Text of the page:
Characterization of a water world in a multi-exoplanetary system
A team of astronomers from 11 countries, led by researchers at the Instituto de Astrofísica e Ciências do Espaço (IA), were able to determine the precise mass of two small exoplanets orbiting the variable star HD 106315.
These two planets were previously detected by the Kepler satellite (NASA) via the transit method, which allowed researchers to determine the diameter of the planets. HD 106315b has a period of 9,5 days and a diameter of 2,44 times the diameter of the Earth, while HD 106315c has an orbital period of about 21 days, and a diameter 4,35 times the diameter of the Earth.
But to characterize a planet (for example, to determine if it is gaseous or rocky, or whether they have an atmosphere), researchers also need to know the mass of the planet, measured by the radial velocities, so that together with size, they can infer its density.
Susana Barros (IA & University of Porto), the first author of the paper, explains the problem with this star: "The variability of HD 106315 was thought to be a source of too much noise for radial velocity observation, and therefore we couldn't measure the mass of the two planets."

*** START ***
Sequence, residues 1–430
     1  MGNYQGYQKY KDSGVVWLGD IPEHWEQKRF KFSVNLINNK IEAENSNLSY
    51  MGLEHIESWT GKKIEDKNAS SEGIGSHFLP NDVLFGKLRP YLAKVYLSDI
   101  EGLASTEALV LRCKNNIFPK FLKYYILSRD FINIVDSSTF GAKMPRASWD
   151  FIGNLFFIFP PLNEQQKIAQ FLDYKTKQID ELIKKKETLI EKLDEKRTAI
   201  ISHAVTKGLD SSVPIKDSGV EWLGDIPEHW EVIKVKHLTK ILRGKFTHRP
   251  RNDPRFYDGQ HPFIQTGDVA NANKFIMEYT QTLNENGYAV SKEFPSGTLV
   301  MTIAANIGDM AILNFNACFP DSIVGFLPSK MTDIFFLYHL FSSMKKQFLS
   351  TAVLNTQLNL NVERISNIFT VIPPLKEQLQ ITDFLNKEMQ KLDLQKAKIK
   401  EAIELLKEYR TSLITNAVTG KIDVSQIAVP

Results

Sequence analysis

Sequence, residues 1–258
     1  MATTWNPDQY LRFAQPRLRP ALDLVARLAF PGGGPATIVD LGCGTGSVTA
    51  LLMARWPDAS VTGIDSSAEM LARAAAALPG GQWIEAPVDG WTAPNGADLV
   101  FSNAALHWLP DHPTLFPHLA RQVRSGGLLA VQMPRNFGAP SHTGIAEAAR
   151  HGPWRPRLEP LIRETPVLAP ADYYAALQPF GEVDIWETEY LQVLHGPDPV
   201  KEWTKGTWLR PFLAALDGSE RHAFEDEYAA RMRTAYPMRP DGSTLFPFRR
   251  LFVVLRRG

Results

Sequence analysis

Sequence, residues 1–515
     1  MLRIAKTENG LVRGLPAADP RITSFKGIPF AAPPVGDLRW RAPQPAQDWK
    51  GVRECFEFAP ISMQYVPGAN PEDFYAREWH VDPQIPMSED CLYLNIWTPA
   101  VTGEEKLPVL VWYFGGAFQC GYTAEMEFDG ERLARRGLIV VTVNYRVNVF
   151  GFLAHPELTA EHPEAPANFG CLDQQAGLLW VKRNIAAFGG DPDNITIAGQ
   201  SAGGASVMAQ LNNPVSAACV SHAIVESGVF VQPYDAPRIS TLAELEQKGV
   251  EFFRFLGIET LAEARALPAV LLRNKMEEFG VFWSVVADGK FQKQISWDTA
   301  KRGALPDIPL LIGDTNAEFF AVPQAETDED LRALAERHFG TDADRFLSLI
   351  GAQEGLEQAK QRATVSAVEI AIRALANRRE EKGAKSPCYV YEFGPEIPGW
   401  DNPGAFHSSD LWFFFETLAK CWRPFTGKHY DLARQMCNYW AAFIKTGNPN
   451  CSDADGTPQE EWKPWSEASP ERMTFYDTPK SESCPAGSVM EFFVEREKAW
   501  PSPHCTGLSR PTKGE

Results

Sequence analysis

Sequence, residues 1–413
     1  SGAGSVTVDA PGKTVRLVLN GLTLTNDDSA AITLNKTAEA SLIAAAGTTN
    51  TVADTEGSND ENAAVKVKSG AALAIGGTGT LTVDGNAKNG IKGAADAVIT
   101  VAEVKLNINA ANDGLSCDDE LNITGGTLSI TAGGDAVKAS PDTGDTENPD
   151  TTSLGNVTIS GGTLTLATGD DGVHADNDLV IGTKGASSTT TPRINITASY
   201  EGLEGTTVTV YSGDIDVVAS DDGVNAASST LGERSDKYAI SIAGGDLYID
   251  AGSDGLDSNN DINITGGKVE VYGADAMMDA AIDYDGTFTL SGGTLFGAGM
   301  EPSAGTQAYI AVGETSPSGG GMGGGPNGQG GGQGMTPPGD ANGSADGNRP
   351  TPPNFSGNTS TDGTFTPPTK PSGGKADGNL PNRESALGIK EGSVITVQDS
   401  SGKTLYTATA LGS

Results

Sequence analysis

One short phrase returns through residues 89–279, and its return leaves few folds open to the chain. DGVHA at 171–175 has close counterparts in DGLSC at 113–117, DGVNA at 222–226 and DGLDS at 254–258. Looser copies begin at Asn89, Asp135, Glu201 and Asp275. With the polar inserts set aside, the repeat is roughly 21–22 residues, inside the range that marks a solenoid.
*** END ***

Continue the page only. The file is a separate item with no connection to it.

Using data from a large observing program with the HARPS spectrograph (ESO), the IA team estimated the mass of the smaller planet HD 106315 b to be 12,6 times that of the Earth, and the density to be 4,7 g/cm3. For the larger planet, HD 106315 c, the derived mass is 15,2 times that of the Earth, with a density of 1,01 g/cm3. These values indicate that planet "c" has a thick hydrogen-helium envelope, while a detailed investigation of planet "b," using planetary interior models, indicates at up to 50 percent of rocky material and 9—50 percent of water, making it a water world.
Nuno Santos (IA & Science Faculty of the University of Porto), leader of IA's "Towards the detection and characterization of other Earths" thematic line adds: "Thanks to an intensive observation strategy and a sophisticated data analysis method developed by our team, we were able to determine the masses of these two planets and the composition of planet b."
Susana Barros further points out that: "This planetary system showcases the diversity in the composition of planets, and since they transit a bright star, it will be possible to study their atmospheres. With current instruments, it's currently possible to observe the atmosphere of planet c, but for planet b we will need to wait for instruments like the James Webb Space Telescope (JWST), to be launched in 2019."
Probing atmospheres with upcoming new facilities like JWST (NASA) or ESO's Extremely Large Telescope (ELT) will help to better understand the composition of HD 106315 b, since this planet lies in the transition between rocky and gaseous planet composition.